Через два года после Алтая Российская империя присоединила к себе Хакасию окончательно. Опять же, трудно себе представить, чтобы Бурятия – буряты – те же монголы, – вошла в состав Московского царства. И два вариант развития событий: либо российские казаки, которые уходили на Дальний Восток, образовывали бы собственное царство, либо местные автохтонные народы – якуты или тунгусы – образовывали бы собственные ханства.

Еще раз повторяю – России бы просто не было без реформ Петра Первого. Не было бы не то, что города Санкт-Петербурга, или покорение Крыма – тем более, что Крым мы опять прохлопали. Не было бы самой Российской империи, как нет империи инков. Потому что даже Китай, с его тысячелетней историей, великой культурой, влачил к 19 веку призрачное существование.

Московское царство – бестолковое, тугодумное, архаическое образование, – обмылок расколовшейся Монгольской империи – просто не имело бы никаких шансов. Как естественная область колонизации со стороны технически превосходящих европейских держав.

Вот так же, как Англия колонизовала Индию. Швеция и Польша колонизовали бы Русь. И я напомню, что армия Великих Моголов или Маратхов, от которых англичане потерпели немало унизительных поражений, были на голову выше разложившихся стрельцов. Просто напомню: 1612 г., Ост-Индская компания создает в Сурате свою колонию, Баффин ищет северо-западный морской проход, ив этом году поляки сидели в Кремле, а шведы заняли всю Новгородчину – это 1612 г., – тогда экспансия Европы только начиналась. Прошло 8 десятков лет, Европа прошла через 30-летнюю войну, создание колоний, могучих флотов, через Английскую революцию, через Декарта, Ньютона, Спинозу – Михаил Федорович и Алексей Михайлович, Тишайшие – не изменили положение в державе ни на йоту, – она как была, условно говоря, средневековой Персией, так и осталась. Оставалась страной бояр, стрелецких мятежей, длинных рукавов.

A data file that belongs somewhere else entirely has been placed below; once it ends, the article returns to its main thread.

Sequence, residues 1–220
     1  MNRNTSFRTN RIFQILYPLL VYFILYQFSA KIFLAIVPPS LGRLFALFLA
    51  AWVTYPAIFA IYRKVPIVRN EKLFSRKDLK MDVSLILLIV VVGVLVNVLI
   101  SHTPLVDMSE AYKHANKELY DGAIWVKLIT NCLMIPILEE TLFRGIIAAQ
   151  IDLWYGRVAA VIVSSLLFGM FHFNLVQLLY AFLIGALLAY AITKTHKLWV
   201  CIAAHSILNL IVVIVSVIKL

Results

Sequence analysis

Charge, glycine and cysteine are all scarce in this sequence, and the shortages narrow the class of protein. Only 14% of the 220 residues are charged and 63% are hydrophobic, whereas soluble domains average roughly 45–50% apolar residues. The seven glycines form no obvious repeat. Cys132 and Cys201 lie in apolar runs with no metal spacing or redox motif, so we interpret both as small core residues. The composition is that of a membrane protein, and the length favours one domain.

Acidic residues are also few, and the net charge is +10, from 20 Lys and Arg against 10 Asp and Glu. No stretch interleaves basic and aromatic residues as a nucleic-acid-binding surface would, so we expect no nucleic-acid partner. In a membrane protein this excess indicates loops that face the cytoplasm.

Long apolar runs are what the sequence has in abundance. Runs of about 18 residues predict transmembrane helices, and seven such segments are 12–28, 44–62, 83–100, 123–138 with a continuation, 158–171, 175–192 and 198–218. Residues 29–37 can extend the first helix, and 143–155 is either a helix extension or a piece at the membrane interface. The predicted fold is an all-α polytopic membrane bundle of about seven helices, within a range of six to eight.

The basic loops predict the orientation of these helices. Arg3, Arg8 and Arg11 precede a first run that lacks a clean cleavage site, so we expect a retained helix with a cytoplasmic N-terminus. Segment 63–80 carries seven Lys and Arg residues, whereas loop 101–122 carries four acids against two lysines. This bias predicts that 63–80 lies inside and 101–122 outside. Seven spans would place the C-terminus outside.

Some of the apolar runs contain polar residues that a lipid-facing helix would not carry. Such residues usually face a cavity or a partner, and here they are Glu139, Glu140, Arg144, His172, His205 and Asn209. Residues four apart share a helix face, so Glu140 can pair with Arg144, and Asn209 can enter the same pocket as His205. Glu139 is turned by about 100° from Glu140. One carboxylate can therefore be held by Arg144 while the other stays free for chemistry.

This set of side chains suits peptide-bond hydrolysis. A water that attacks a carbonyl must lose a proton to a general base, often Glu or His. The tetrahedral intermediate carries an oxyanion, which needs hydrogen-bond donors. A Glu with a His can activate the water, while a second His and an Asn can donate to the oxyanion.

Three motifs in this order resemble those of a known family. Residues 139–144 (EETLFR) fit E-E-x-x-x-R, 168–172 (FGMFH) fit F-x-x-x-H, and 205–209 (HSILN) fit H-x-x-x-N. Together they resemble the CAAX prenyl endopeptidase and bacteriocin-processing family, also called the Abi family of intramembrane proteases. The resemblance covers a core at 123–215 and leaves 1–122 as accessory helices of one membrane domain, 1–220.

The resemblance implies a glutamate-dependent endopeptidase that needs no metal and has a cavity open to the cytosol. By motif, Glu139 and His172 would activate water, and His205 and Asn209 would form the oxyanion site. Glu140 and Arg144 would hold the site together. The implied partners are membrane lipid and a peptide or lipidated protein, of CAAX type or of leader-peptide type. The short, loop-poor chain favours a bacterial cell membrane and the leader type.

То есть, если бы дело продолжалось так, то вместо Российской империи, на мой взгляд, была бы некая территория, не имеющая выходу к морю – такая Боливия или Монголия, с соответствующими катастрофическими последствиями, жило бы в ней миллионов 10-20, на западе бы ее теснили Великая Швеция и Великая Польша, вдоль Черного моря жили бы адыги, на востоке выход к морю обрезали бы японские колонии, буфером между ними были бы самостоятельные государства либо русские, либо, допустим, тунгуски.

И не говорите мне при этом, что вот, в Москве уже при Иване Грозном была уже Немецкая слобода – да, была, такие поселения были и в Кантоне, и в Нагасаки. Или, что Алексей Михайлович занимался медленной модернизацией, потому что представление о модернизации у московских бояр были точно такие же, как у нынешних кремлевских опричников: купим на этом басурманском западе, который нас, православных, ненавидит, побольше «Мерседесов», или карет, – вот и все представление о модернизации.

Опять же, не говорите мне, что Петр Первый рубил головы как капусту. Потому что тогда и в Европе рубили головы. Тогда Европа еще не была этим бюрократическим молотом, который рассуждает о пользе политического вегетарианства и которого стремительно обгоняют и нагоняют новые Европы. Потому что, конечно, надо быть ОБСЕ или Евросоюзом, чтобы не заметить, что Китай ведет себя как Европа в 18 веке, или Россия в 19-м, и с теми же блистательными успехами.

И конечно, Россия не Европа – точно так же, как Япония не Европа. Но Россия, – и это, собственно, та духоподъемная мысль, на которой я хочу закончить, – это пример самой поразительной в мире реформы при самых неблагоприятных политических и социальных обстоятельствах. Россия – это дичок навсегда привитой Европой. И толчок, который сообщен был государству Петром Первым, был столь велик, что обратно срезать привитый черенок не смогла не то, что Анны Иоанновна, даже Сталин.

То, что сделал в России Петр первый в конце 17 века, большинство азиатских государств – Южная Корея, Тайвань, Сингапур, Китай – стали делать только в конце 20-го. А огромное количество государств, типа Конго или Боливии, не делают до сих пор. Это был пример исторической прозорливости, который в истории человечества не имеет себе равных. Потому что даже японской цивилизации осознать, что единственный способ выжить – это стать Европой, – даже японской цивилизации на это понадобилось еще полтораста лишних лет.

И Московское царство это не Европа, а Российская империя – это Европа. Кстати, не случайно Санкт-Петербург – копия Стокгольма, кратно превосходящая качеством оригинал. И я это говорю потому, что если в чем сейчас и нуждается Россия, то это в новом Петре Первом. И если у нас будет новый Петр Первый, то у нас все получится.